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...easy on an English concertina, since it only requires a slight sideways shift of the finger between the inner and outer columns of buttons for certain notes of the scale.

This is true of the Crane system duet too.

To some extent, though not as extensively or consistently as on the English.

 

On the English, the shifts between inner and outer columns are the same in every octave. Or in those keys where the needed shift involves switching between the ends (e.g., shifting between C# major and C# minor), such a sequence is also consistent from octave to octave.

 

But on the Crane, D#=Eb is next to the D in the first octave but next to the E in the second octave, and similarly with G#=Ab. So in switching between, e.g., E major and E minor, the lowest D# is next its corresponding D, but the next higher one is next to its other musical neighbor, an E. (Its corresponding D, being in the middle column, is not adjacent to either outer column.) Similarly for the G#.

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Lovely arrangement! I especially like the very last section which discombobulates between the two.

 

The Slipper Hornpipe is often played in a minor key (but I suspect it's because the Miles Krassen publication of O'Neill's failed to show any sharps).

 

I remember many years ago playing a deliberately minor-key medley on EC consisting of the Morbid Rant, the Last Rites of Man, and my favorite - The Better Dead Than Red-Haired Boy.

 

 

 

Gary

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Lovely arrangement! I especially like the very last section which discombobulates between the two.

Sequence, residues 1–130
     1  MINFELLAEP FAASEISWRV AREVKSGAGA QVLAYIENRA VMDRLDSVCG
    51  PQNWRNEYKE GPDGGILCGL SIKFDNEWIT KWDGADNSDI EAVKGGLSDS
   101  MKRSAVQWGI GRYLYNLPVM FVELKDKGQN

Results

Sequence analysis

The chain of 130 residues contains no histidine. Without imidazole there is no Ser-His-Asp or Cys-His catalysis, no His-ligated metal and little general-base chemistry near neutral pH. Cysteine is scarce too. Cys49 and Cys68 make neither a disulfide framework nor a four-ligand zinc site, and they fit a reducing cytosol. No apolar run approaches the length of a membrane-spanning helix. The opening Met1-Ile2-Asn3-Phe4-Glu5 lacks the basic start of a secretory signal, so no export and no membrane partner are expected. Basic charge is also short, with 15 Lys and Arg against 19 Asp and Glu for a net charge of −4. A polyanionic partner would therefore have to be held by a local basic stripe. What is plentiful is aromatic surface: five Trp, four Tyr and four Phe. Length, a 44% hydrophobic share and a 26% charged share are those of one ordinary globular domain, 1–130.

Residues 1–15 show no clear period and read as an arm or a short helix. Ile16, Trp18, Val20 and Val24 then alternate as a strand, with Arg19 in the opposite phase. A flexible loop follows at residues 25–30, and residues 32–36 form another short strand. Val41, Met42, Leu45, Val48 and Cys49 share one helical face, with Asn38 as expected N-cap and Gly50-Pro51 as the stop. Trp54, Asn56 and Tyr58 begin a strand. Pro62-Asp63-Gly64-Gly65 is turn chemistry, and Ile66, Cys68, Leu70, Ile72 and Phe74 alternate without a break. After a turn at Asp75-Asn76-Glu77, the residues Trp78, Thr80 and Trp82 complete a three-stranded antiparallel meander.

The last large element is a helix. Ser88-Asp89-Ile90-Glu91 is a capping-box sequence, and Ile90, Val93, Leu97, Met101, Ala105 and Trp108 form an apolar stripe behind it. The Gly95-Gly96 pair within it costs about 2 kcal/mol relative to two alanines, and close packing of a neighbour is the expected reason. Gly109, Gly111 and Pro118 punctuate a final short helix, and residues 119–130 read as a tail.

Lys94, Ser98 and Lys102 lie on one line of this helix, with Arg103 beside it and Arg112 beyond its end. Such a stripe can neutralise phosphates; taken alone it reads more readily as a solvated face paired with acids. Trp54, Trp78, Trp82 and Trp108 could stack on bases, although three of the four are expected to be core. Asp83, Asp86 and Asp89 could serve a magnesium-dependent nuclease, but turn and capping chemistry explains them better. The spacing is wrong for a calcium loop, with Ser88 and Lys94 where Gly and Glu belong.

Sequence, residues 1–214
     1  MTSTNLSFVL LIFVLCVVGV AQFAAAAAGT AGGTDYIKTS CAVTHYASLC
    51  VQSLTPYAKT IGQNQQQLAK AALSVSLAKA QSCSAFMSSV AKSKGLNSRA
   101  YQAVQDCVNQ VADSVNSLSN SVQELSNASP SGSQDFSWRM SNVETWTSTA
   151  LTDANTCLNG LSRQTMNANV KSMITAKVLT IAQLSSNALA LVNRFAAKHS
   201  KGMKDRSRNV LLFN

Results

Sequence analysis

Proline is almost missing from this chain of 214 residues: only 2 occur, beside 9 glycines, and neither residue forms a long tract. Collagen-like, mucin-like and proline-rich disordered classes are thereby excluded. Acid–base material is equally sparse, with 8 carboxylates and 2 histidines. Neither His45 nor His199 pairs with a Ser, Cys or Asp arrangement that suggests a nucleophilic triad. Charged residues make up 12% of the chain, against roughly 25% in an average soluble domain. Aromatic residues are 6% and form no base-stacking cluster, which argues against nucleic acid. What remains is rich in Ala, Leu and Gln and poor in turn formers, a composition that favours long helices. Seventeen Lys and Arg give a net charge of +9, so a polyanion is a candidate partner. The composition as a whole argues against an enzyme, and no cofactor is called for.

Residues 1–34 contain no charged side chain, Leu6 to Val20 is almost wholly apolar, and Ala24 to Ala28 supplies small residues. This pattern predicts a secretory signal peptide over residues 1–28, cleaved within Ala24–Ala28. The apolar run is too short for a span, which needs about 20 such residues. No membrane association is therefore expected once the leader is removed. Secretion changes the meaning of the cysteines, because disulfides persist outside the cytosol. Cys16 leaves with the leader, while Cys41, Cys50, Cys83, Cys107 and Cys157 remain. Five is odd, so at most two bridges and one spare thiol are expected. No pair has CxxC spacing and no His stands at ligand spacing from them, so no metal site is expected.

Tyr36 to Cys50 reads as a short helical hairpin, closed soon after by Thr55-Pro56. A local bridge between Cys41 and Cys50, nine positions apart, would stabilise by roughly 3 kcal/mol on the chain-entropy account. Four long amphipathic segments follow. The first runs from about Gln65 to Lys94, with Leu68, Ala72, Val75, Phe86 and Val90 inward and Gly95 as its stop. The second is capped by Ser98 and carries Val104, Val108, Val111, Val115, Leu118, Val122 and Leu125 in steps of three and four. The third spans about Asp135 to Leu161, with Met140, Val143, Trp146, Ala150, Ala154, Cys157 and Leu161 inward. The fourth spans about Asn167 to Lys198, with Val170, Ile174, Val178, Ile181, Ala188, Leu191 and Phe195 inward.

The Slipper Hornpipe is often played in a minor key (but I suspect it's because the Miles Krassen publication of O'Neill's failed to show any sharps).

 

I remember many years ago playing a deliberately minor-key medley on EC consisting of the Morbid Rant, the Last Rites of Man, and my favorite - The Better Dead Than Red-Haired Boy.

 

 

 

Gary

Thanks Gary, very much appreciated. I'll look into the tunes you mentioned (I'm always in search of new fun tunes). Is the "Morbid Rant" the same or related to the Morpeth Rant?

 

As a side note, I really liked "to discombobulate" (I'm also constantly in search of new fun words). Never heard of it before, but it ranks fairly high on the Supercalifragilisticexpialidocious

scale of words already.

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... As a side note, I really liked "to discombobulate" (I'm also constantly in search of new fun words). Never heard of it before, but it ranks fairly high on the Supercalifragilisticexpialidocious

scale of words already.

Moving further off topic, I was delighted to see a sign saying "Recombobulation Area" in a US airport, describing the bit after security where people get their stuff together.

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I remember many years ago playing a deliberately minor-key medley on EC consisting of the Morbid Rant, the Last Rites of Man, and my favorite - The Better Dead Than Red-Haired Boy.

 

Is the "Morbid Rant" the same or related to the Morpeth Rant?

I would assume that Gary's medley was simply minor-key distortions of both the names and tunes of the Morpeth Rant, the Rights of Man, and the Red-Haired Boy.

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Why of course. Should have figured that one out myself... already the second time in this thread I dinkeldorfed myself. Let this not become a habit... :wacko: :blink:

 

Thanks, Jim...

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... already the second time in this thread I dinkeldorfed myself. Let this not become a habit... :wacko: :blink:

 

Dinkeldorfed, Hmm. Is that like being "hoist by your own petard" I wonder?

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... already the second time in this thread I dinkeldorfed myself. Let this not become a habit... :wacko: :blink:

 

Dinkeldorfed, Hmm. Is that like being "hoist by your own petard" I wonder?

 

 

Close, but no cigar. "hoist by your own petard" (which, as far as I can tell, is an ancestor of the more sober "shooting oneself in one's one foot") implies one had a weapon in the first place, intending to use it against someone else (the classic Darwin Award scenario). For all I know, I never intended to harm anybody with my music (although naturally I can't exclude the possibility that someone's toe nails curled when listening to it - which in any case wasn't the primary intention).